Speaking at the Eirgrid Timing Sponsorship launch, the Wexford boss expressed his unhappiness about how the tournament will be concluded.
Due to the Covid-19 pandemic, the GAA decided to make the Munster SHC quarter-final between Clare and Limerick 'double up' as the National League final, as both teams topped their groups.
"I 100 per cent think it's the wrong thing they've done," he said. "We're in a quarter-final on merit, the same as Galway are. I think it was premature to do what they did, I don't think you can just pick two teams and throw them into a league final.
"I'd like them to revisit it, it's important to finish it out. I know the year is different, I accept all that, but you can't change a competition and do that. Instead of maybe playing a Walsh Cup or playing something next year before the League, take two or three weeks and play this year’s competition off. I think it’s important to finish it out.”
Fitzgerald's joy at guiding his hometown club Sixmilebridge to back-to-back Clare senior hurling titles was a happier subject.
"The weekend was pretty special. From March right through to June it was a serious few months for a number of reasons. You couldn't get together, I was worried about well-being of players. To end up in a county final, to end up winning, it's so special you wouldn't believe it."
Fitzgerald does not do things by half measures, with either Wexford or Sixmilebridge.
He recalled taking a training session the morning after his wedding last year with a smile.
"Fair play to Sharon. The day before the wedding we trained, the day after the wedding, I didn't get to bed until 6am and I think we had training at 11am in the morning. They're a special bunch so it was good to go down and work with them, I don't think Sharon was too happy!"
The back-to-back titles brought back memories of the same achievement in his playing days, while Fitzgerald said it was no less special with limited fans, as the 200 supporters in Ennis at the weekend made plenty of noise.
"I remember playing in 1992/1993, when I look back on it now it was so special. I got to play with my club heroes, the likes of John O'Connell, Gerry McInerney, all the Chaplins. It was special back then.
"On Sunday, there was 200 supporters there but they made enough noise, it was different. To tell you the truth, when the game is on, once they're in the white lines, it's a game of hurling. That's all you want is to be playing and letting yourself go."
Fitzgerald is still getting used to coaching his players in the midst of a global pandemic.
He said the process has been made easier by a new member of his Wexford backroom team, a dedicated Covid officer.
The most difficult adjustment? Not being able to hug his players!
"I'm probably not as much up on them [Covid rules] as I should be but we have our own Covid officer who has everything off to a tee, he's the one who leads me every night in training and if something crops up, he's going to take charge of it. It's funny, it's another part of your backroom team, I'll be letting him take over if that crops up and we do 100 per cent what he says has to be done.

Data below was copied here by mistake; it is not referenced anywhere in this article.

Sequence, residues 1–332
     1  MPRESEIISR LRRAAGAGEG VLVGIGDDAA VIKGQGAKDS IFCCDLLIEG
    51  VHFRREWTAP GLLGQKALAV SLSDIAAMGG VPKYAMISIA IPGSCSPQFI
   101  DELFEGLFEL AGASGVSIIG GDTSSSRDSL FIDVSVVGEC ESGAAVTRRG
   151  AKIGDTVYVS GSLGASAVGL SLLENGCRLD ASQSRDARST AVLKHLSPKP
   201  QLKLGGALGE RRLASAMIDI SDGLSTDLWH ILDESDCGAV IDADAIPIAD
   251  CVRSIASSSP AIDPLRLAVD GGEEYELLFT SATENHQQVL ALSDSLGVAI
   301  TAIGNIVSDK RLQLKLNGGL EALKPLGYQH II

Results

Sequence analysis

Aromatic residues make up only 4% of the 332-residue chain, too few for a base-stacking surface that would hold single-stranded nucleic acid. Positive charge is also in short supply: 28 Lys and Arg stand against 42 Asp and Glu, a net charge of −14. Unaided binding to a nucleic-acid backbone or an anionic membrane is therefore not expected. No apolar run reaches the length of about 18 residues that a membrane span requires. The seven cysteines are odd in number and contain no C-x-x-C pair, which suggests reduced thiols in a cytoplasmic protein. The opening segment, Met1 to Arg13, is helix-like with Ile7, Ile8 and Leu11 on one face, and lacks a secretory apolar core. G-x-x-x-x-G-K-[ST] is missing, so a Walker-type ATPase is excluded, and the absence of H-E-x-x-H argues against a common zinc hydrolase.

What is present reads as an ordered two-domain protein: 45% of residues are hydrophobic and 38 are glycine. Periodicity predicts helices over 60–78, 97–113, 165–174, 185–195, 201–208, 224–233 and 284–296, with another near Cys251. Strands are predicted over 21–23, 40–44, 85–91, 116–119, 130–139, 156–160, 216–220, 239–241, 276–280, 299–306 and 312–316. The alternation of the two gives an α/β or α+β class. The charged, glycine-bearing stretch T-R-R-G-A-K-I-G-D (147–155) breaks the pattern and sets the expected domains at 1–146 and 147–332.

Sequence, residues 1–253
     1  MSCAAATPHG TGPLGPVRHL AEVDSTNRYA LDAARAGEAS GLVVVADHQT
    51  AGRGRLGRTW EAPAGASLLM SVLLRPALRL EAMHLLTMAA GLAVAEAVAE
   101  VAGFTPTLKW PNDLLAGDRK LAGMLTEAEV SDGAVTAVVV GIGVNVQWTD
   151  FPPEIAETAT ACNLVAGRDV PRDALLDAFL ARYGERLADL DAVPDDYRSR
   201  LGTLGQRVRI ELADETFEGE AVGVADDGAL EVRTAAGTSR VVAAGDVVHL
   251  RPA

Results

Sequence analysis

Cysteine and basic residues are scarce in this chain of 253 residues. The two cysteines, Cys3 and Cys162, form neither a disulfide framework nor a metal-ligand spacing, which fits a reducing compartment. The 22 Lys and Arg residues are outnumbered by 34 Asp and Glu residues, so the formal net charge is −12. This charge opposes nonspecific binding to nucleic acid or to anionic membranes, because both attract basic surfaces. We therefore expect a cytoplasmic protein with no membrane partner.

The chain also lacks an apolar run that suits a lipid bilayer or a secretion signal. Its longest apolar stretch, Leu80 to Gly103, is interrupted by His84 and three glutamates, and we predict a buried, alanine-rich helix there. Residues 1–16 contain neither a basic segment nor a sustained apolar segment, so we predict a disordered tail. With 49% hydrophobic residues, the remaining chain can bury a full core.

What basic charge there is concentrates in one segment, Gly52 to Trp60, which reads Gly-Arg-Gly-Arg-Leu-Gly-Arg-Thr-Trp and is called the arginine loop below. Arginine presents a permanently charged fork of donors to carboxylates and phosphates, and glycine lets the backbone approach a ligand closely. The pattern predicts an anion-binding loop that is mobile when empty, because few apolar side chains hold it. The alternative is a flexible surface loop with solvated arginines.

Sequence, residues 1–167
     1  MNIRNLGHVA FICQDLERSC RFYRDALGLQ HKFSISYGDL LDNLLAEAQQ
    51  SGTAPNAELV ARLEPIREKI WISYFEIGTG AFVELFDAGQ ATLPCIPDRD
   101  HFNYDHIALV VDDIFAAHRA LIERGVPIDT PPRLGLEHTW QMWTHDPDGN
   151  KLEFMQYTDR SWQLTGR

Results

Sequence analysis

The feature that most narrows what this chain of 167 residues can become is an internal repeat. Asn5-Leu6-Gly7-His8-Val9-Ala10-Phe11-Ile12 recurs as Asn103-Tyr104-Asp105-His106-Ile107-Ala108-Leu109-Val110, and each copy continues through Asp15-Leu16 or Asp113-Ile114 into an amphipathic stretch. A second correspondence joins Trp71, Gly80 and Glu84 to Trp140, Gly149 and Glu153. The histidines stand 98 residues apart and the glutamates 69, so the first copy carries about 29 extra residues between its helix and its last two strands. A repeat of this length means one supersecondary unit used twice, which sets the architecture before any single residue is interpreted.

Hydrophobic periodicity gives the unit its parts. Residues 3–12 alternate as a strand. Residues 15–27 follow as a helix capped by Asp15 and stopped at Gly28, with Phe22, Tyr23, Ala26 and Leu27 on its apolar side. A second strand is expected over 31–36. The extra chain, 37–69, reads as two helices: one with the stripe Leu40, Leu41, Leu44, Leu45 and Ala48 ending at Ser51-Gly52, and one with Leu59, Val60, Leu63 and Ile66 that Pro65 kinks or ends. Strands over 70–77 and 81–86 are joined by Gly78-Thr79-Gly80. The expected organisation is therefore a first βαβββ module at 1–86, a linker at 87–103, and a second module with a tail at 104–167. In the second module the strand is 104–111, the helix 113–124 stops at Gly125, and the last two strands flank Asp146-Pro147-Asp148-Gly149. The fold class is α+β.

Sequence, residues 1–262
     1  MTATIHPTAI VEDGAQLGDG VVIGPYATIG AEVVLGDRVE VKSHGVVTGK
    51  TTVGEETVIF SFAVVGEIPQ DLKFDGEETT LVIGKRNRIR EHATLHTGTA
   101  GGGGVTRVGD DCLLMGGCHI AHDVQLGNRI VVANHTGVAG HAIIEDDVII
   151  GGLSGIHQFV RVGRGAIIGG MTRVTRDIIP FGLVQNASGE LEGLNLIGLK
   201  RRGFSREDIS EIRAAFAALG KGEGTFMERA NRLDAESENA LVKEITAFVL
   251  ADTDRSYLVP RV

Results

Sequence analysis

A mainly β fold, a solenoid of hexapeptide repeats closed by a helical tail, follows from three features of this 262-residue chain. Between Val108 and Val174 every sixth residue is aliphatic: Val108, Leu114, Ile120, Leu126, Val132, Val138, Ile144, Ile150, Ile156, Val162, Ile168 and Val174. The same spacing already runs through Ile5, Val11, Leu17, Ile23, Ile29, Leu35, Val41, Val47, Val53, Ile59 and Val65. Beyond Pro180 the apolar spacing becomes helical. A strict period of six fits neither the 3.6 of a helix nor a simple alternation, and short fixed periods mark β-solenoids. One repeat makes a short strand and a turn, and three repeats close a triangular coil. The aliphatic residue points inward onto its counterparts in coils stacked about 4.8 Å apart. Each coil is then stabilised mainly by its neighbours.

"I'm conscious about not hugging guys or touching off guys myself. I've five stents in so I'm a bit more wary. I'm one of these guys who wants to get out and get on with things but I just have to be as sensible as I can and adhere to as many guidelines as I can."
Fitzgerald is looking forward to the Leinster SHC semi-final clash with Galway, although he does have reservations about playing under lights.
"I wouldn't be the biggest fan of floodlit hurling if I'm totally honest. I'd prefer a Saturday evening game or a Sunday at two or three o'clock, that would be my preference. I believe hurling is there to be played in the daylight, but I'll accept it, I'm not going to be kicking up a fuss. Hopefully Croke Park will see the sense in letting us play there, I think it's the right place to play, the lights there are phenomenal."
Fitzgerald enjoys a close bond with the Wexford panel and he kept in close contact with them during lockdown.
"They're free spirits these guys, they love the craic. They're a great bunch, I think it was important to keep communication with each other. There was a lot of stuff we kept in touch with, it wasn't all training we had great fun."
While Fitzgerald has a number of health problems, he is happy to be taking training and returning to normality again, adding that it's a case of taking personal responsibility.
"Even in terms of the mental side of things, getting out and meeting a few people it's so important. I have five stents but I want to be involved. It's my own personal choice to get out there and be involved. There are risks, it's my choice to take them but I want to be as careful as I possibly can in the meantime. I don't want to stop living my life but I am aware of things I have to do better."
While we're used to seeing Fitzgerald doing as many miles as his players on the sideline, he said he has used lockdown to take a breather and focus on what is really important in life.
"One of the big things I've taken out of this is I'd like to spend a bit more time with my mam and dad if I can. I live a very short distance from them, so spending more time with the people that matter. I've had nice bit of weight loss I want to keep off, I feel better, more energetic.
"I remember one evening, my sister lives beside my parents, just being around with them and there were two or three neighbours, well spaced out on the road, we were just mad to chat and talk away. That had been all lost, it was soemthing we used to do years ago, it was actually so much fun.
"On a few occasions recently I'd just throw my phone down for an hour or two, that's not something I would have done before. I actually changed my number recently because I was getting absolutely hammered with different things. It's nice to get your own bit of space and time, I probably appreciated that a lot more in lockdown."